I was 12 years old at the time. I was the first person to escape from the wreckage of the bar. I had been taking a bath at the time and our bathroom was directly above the bar cellar, right at the back of the house.
It was the only part of the building that did not collapse so I was extremely lucky - I was the only survivor who wasn’t injured.
I remember pulling on my clothes in the darkness and then trying to get out down the stairway to the front of the house. That was completely blocked, so I had to climb out the window and clamber over the rubble to escape into Great Georges Street. My main memory of the wait for the ambulance centres on the fact that I knew that my mum and my 14-year-old sister, Maria, had gone to 7.30 Mass at St Patrick’s church.
I remember telling local women not to worry about the two of them - they were safe because they had gone to Mass.
I was constantly looking up North Queen Street, in the direction of Donegall Street, expecting them to arrive at any minute on this dreadful scene.
I didn’t discover until the next day that they must have arrived home only minutes be fore the bomb went off and that they had both died.
I have always thought it terribly poignant that they had both been praying in a place of God, just minutes before their lives were ended in such an evil fashion.
The next day was awful, such was the overwhelming sense of grief.
Despite my age, I was acutely aware of the enormity of my family’s loss - my mum, my sister and my uncle were dead. We had lost our home and my father had lost his business.
My dad and my older brother, Gerard, were still in hospital with their injuries, while my younger brother, John, and f were looked after by our grieving aunts.
Some friends of my aunts took us to the clothes shop they owned that Sunday, since we had literally nothing more than the clothes we stood in.
We were taken to see our father and brother in hospital later that Sunday and I recalled that two RUC detectives interviewed me.
They seemed to be particu arly interested in whether the windows in the bathroom had blown inwards or outwards.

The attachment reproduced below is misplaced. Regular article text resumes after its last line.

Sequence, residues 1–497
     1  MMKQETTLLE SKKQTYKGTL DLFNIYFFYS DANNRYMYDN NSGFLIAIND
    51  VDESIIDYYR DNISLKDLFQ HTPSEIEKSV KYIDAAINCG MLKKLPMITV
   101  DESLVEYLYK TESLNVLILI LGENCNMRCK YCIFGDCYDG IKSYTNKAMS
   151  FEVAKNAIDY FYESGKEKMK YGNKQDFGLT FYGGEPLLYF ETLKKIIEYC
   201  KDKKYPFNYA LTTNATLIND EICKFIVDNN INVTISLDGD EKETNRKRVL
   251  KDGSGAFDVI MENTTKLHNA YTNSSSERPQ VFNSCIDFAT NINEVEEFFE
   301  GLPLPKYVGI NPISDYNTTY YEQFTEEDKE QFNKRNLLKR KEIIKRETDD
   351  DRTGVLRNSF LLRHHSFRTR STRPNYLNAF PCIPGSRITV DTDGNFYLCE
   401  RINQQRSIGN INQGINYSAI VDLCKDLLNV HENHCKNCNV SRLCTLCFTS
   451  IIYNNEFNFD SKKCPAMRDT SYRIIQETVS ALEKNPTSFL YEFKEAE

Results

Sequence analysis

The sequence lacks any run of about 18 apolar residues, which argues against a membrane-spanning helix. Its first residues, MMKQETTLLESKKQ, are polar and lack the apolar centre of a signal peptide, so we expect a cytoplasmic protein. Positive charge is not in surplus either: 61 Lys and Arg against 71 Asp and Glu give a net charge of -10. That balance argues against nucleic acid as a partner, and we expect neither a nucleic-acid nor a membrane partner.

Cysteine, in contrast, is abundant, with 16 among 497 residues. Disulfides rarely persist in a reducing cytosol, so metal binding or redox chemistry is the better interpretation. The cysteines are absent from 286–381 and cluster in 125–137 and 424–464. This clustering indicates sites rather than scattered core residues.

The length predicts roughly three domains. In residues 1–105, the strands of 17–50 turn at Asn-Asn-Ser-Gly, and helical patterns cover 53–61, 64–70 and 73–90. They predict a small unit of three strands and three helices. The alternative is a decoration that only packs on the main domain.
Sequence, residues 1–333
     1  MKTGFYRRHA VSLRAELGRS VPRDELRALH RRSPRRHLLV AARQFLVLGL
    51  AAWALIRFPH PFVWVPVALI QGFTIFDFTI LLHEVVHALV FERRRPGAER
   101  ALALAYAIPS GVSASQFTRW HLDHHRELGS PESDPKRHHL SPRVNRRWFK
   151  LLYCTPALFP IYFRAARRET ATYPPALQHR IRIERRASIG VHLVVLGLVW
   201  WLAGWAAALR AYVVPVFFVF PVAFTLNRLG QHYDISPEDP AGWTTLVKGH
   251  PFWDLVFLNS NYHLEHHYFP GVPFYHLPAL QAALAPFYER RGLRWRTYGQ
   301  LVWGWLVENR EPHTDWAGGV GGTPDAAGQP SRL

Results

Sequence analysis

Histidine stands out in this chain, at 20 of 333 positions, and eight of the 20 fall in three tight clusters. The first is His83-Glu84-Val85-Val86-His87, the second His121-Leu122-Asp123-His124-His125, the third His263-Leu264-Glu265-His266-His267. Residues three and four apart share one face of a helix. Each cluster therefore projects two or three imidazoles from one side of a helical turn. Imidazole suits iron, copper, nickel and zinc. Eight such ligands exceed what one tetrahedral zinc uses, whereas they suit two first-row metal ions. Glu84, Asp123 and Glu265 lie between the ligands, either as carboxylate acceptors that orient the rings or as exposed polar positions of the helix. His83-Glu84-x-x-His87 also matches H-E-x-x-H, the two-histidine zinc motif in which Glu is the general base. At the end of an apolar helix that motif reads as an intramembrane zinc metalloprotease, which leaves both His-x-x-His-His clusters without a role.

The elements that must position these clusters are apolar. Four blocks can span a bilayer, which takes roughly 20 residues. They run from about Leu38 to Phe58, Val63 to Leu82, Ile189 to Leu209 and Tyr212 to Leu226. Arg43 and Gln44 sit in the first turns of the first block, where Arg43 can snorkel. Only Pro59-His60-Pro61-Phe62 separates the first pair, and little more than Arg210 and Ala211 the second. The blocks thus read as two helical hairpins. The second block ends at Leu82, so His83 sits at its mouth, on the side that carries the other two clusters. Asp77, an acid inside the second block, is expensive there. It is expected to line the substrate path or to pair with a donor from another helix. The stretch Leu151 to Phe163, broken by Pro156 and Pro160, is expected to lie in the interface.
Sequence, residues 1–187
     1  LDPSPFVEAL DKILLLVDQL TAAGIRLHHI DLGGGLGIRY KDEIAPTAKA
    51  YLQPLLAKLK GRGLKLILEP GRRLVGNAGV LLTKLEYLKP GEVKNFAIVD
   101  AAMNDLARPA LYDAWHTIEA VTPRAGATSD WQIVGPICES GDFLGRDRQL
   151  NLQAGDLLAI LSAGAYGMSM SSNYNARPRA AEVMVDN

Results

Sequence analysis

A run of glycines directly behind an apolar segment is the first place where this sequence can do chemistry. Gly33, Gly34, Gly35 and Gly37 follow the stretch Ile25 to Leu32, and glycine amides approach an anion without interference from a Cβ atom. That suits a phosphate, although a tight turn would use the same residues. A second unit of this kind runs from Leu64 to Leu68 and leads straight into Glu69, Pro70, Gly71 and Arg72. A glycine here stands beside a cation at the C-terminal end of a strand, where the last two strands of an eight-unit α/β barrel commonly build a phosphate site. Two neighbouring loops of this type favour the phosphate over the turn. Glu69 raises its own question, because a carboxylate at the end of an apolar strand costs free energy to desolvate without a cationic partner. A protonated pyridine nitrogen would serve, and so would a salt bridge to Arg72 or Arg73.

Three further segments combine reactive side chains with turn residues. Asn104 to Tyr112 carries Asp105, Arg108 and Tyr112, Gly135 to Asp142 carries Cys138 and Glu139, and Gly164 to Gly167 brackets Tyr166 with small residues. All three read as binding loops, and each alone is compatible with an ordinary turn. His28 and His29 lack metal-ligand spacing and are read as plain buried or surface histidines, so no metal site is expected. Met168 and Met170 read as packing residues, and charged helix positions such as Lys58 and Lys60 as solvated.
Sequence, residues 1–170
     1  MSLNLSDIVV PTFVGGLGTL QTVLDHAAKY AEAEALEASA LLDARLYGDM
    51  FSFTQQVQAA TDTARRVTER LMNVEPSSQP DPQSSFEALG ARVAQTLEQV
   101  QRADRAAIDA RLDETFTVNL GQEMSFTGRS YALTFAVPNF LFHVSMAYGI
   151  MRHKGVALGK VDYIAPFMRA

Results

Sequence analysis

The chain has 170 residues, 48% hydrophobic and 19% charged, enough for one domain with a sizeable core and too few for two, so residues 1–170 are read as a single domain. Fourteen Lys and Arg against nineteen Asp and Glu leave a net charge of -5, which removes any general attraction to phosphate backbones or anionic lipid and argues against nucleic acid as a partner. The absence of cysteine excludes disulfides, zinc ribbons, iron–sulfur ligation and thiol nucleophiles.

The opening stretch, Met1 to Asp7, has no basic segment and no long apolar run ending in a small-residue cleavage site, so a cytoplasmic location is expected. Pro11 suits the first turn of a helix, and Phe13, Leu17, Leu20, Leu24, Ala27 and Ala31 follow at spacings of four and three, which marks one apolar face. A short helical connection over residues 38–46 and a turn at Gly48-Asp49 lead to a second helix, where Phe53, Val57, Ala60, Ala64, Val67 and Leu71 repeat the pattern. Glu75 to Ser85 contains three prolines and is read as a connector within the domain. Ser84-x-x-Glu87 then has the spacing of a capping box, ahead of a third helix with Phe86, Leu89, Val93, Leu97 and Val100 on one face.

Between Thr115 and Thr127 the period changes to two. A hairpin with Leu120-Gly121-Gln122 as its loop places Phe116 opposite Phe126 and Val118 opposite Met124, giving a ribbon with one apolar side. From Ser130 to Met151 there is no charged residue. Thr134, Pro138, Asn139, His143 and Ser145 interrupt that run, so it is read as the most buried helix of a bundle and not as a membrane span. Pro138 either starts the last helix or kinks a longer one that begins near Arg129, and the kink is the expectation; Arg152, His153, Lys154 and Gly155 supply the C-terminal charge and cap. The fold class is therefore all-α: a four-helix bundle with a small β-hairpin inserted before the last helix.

I didn’t understand the significance of this at the time but I do recall telling them that there had been a lot of broken glass on the bathroom floor.
People always wonder how you cope with such a loss and such awful memories.
I have coped by locking the memories away in a box at the very back of my mind.
Perhaps that is not the best way but, by and large, it has worked over the last 40 years.
The main problem is that it locks away the happy memories of childhood - family holidays in Portrush, playing football in Great Georges Street - as well as the bad. But if you were to dwell on the bad memories every day you could not possibly have a remotely normal life.
The emotions are still, undoubtedly, raw at times when memories of that night are brought back to the surface.
The last 18 months have been difficult because we have been forced to relive the trauma of December 4 1971, caused by that shocking Police Ombudsman’s report of July 2010 and by the controversies which followed the revised report of February 2011.
When the ombudsman concluded what we had suspected all along was true that the RUC had been guilty of disgraceful bias and incompetence in their investigations in the we all felt vindicated. So, Matt Baggott’s immediate refusal to accept the main finding of “investigative bias” by the RUC, was sickening.
My first reaction was one of anger. I felt, how much evidence do we have to present to these people before they accept the truth? The UK government had already apologised for the misdeeds of the predecessors, so why on earth couldn’t the present chief of the Northern Ireland police? Incredible is not the word for it.